Jackson: Four words on the state’s license plates have sparked a federal lawsuit. American Atheists, the Mississippi Humanist Association and three nonreligious residents filed a lawsuit Tuesday against the state over its “In God We Trust” license plate. The complaint accuses the Mississippi Commissioner of Revenue of violating the people’s freedom of speech and religion by forcing them to display the religious message on their personal vehicles. The license plate has included “In God We Trust” since 2019. The lawsuit claims car owners are forced to promote the religious statement or pay an additional fee for a specialty plate without it. “Every minute they spend on the streets of Mississippi, atheists are forced to act as a billboard for the state’s religious message,” said Geoffrey T. Blackwell, litigation counsel at American Atheists. “Some can avoid being a mouthpiece for the government by paying a penalty.” The lawsuit also claims that there are no alternatives to the plate for trailers, motorcycles, recreational vehicles, drivers with disabilities and custom plates. Gov. Tate Reeves, in a statement on Twitter, said he plans to defend the license plate’s motto. “I know Mississippi’s values are our strength…and I meant it when I said as Governor I would defend our values every single day!” he wrote.
O’Fallon: Jim Bakker and his southwestern Missouri church will pay restitution of $156,000 to settle a lawsuit that accuses the TV pastor of falsely claiming a health supplement could cure COVID-19. Court records show a settlement agreement that was filed Tuesday calls for refunds to people who paid money or gave contributions to obtain a product known as Silver Solution in the early days of the pandemic. The settlement also prohibits Bakker and Morningside Church Productions Inc. from advertising or selling Silver Solution “to diagnose, prevent, mitigate, treat or cure any disease or illness.” Bakker, in the agreement, does not admit wrongdoing. Republican Missouri Attorney General Eric Schmitt sued Bakker and Morningside in March 2020. Schmitt sought an injunction ordering Bakker to stop selling Silver Solution as a treatment for COVID-19 on his streaming TV program, The Jim Bakker Show. The lawsuit said Bakker and a guest made the cure claim during 11 episodes in February and March of 2020. Schmitt said in a news release Wednesday that Bakker has already made restitution to many consumers and must pay back another $90,000 to others. The consent agreement notes that during “The Jim Bakker Show,” Silver Solution was offered to those who agreed to contribute $80 to $125.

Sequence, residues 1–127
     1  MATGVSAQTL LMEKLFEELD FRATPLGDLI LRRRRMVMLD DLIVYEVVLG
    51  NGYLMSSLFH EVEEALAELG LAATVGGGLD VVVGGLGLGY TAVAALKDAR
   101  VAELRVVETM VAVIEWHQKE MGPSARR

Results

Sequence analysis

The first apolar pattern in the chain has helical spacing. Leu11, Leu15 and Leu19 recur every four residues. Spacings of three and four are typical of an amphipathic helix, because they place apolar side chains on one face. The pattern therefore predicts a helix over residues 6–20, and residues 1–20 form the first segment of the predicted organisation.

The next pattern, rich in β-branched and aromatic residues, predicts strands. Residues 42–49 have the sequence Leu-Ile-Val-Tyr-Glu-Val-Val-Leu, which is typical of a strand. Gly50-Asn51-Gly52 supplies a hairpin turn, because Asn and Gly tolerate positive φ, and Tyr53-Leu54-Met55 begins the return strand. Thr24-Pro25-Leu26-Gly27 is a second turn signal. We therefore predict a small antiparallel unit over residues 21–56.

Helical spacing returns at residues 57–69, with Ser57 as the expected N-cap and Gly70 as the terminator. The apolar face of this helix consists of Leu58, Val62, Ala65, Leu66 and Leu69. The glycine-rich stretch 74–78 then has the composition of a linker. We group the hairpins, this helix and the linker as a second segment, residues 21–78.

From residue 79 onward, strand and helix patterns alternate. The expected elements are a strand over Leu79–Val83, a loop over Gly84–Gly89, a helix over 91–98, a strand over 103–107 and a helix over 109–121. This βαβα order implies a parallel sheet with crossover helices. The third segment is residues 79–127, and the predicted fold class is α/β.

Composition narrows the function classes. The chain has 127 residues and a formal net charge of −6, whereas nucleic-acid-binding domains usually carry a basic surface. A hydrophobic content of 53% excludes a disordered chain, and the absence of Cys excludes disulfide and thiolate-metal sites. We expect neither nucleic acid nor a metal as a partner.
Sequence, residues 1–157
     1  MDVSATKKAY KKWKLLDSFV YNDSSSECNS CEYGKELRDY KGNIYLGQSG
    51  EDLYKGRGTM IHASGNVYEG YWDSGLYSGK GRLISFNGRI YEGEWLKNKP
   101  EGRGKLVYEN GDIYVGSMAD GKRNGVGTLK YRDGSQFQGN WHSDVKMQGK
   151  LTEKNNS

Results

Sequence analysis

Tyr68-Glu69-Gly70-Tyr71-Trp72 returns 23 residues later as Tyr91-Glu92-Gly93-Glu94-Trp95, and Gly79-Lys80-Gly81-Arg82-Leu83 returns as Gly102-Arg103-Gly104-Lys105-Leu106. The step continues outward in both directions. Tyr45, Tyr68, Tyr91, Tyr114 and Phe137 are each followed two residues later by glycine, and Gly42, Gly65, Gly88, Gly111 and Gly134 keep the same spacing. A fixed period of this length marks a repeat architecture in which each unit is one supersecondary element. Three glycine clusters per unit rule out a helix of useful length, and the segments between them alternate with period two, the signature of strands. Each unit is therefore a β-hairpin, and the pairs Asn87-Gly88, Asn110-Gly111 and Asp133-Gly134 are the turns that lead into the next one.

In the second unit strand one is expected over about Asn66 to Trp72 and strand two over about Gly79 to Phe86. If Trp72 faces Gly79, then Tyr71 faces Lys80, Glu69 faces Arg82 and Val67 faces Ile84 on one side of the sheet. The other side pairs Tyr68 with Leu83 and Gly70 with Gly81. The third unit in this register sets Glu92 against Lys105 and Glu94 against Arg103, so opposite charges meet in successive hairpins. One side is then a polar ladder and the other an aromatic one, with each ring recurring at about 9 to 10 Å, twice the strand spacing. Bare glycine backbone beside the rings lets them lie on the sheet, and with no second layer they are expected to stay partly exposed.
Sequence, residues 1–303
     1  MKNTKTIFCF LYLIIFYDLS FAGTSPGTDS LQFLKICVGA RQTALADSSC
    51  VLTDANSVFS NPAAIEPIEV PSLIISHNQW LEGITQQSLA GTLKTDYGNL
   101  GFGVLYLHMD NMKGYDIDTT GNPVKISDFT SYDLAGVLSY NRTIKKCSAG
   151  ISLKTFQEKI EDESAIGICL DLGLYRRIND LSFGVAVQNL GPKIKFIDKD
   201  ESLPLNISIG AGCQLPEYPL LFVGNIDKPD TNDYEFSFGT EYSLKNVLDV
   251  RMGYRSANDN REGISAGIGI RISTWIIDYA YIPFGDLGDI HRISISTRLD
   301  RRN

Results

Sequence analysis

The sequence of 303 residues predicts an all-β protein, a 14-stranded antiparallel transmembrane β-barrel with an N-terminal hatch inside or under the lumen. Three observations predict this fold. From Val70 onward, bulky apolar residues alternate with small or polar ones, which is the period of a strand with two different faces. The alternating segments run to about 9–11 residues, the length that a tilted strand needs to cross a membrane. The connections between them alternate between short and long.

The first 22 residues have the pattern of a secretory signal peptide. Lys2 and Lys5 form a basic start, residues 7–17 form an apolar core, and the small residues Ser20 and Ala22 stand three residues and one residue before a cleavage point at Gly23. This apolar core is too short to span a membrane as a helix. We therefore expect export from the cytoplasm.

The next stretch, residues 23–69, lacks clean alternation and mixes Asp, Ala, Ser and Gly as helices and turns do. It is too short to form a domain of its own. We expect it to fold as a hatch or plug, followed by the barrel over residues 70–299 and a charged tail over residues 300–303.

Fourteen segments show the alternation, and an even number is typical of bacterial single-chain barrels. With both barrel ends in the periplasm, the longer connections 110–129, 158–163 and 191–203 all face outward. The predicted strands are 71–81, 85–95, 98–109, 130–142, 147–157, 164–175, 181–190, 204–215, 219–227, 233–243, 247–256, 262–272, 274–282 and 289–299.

Helena: Yellowstone National Park visitors hoping to see its world-renowned geysers, wolves and bears can expect warmer temperatures and less snow as climate change alters the park’s environment, according to a report by U.S. and university researchers released Wednesday. Average temperatures in the Yellowstone region in recent decades were likely the warmest of the past 800,000 years, according to geologic studies. And average annual snowfall has decreased by nearly 2 feet since 1950. The changing climate could affect some of the park’s most iconic sites, including Old Faithful, a geyser famous for erupting at regular intervals. Past droughts have reduced the frequency of water shooting out of the popular geyser, meaning it could erupt less frequently as drought conditions become more common in the park, Bryan Shuman, a geology professor at the University of Wyoming, said during a news conference Wednesday. Temperatures in the region have increased by more than 2 degrees Fahrenheit since 1950 and are expected to increase by an additional 5 to 10 degrees by the end of the century, according to findings by scientists with the U.S. Geological Survey, Montana State University and the University of Wyoming. Communities in the surrounding area, including Bozeman, could see between 40 and 60 more days per year of temperatures above 90 degrees. And the changes are likely to affect tribes that have called the region home for millennia.